The song-writing, banjo-playing, Chinese-speaking Abigail Washburn is armed with profound connections to culture and people on the other side of the Pacific. She’s one of the few foreign artists currently touring China independently and regularly. She completed a month-long tour (Nov-Dec 2011) of China’s Silk Road supported by grants from the U.S. Embassy, Beijing. Along with 24 other innovative and creative thinkers worldwide, Washburn was named a TED fellow and gave a talk at the 2012 TED Convention in Long Beach about building U.S.-China relations through music. In March of 2013, she was commissioned by New York Voices and the NY Public Theater to write and debut a theatrical work titled, Post-American Girl, which draws from her 17-year relationship with China and addresses themes of expanding identity, cultural relativism, pilgrimage, the universal appeal of music and opening the heart big enough to fold it all in.
Washburn was recently named the first U.S.-China Fellow at Vanderbilt University. Her efforts to share U.S. music in China and Chinese music in the U.S. exist within a hope that cultural understanding and the communal experience of beauty and sound rooted in tradition will lead the way to a richer existence. Her most recent project, The Wu-Force, is a shining example of her commitment to international exchange. A trio including Wu Fei, a guzheng player, The Wu-Force is a mix of both traditional American and traditional Chinese folk music, sung in both English and Chinese.
Her story is sure to move you: One fateful day 9 years ago, Washburn was miraculously offered a record deal in the halls of a bluegrass convention in Kentucky which changed her trajectory from becoming a lawyer in China to a traveling folk musician. Since then, Abigail has been recording and touring a continuous stream of music. Her music ranges from the ”all-g’earl” string band sound of Uncle Earl to her bi-lingual solo release Song of the Traveling Daughter (2005), to the mind-bending “chamber roots” sound of the Sparrow Quartet, to the rhythms, sounds and stories of Afterquake, her fundraiser CD for the Sichuan earthquake victims. Her latest release, City of Refuge (2011), written with collaborator Kai Welch, takes her bold and expansive musical vision to new heights with enigmatic songs that “mingle Appalachia and folk-pop, with tinges of Asia and Bruce Springsteen” (Jon Pareles, The New York Times).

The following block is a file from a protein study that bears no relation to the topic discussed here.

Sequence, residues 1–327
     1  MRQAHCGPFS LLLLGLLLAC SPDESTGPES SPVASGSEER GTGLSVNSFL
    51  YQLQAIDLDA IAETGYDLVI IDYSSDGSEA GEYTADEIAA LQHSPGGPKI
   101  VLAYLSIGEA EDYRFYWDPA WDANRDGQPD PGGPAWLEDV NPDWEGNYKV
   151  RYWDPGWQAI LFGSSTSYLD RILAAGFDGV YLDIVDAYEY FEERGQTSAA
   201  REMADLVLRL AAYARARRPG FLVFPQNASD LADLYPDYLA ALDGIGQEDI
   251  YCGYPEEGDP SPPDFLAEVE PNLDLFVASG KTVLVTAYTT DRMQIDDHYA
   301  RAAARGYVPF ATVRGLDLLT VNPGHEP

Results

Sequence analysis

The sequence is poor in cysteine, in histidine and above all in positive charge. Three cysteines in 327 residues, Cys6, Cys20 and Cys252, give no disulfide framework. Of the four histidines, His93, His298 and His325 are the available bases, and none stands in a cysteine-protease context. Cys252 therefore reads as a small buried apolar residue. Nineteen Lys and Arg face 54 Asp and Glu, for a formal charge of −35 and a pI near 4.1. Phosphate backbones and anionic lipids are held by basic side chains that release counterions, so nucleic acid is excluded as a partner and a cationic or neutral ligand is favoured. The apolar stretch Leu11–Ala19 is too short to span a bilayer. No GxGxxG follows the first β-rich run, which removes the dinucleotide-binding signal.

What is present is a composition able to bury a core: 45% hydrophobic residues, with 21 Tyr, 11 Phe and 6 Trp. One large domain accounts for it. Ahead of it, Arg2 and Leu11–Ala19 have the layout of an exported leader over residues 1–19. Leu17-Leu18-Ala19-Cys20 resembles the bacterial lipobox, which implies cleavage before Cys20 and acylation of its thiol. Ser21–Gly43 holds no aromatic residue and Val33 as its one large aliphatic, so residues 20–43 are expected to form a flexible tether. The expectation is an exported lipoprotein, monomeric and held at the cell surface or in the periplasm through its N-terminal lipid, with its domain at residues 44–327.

Catch a very special multimedia performance by Washburn at the opening plenary banquet dinner of NCLC14 the evening of Thursday, May 8!
Watch and listen to Washburn and her husband, Béla Fleck, performing 太阳出来喜洋洋 on a city bus in Nashville, Tennessee:
Watch Washburn’s TED talk, “Building U.S.-China relations . . . by banjo”: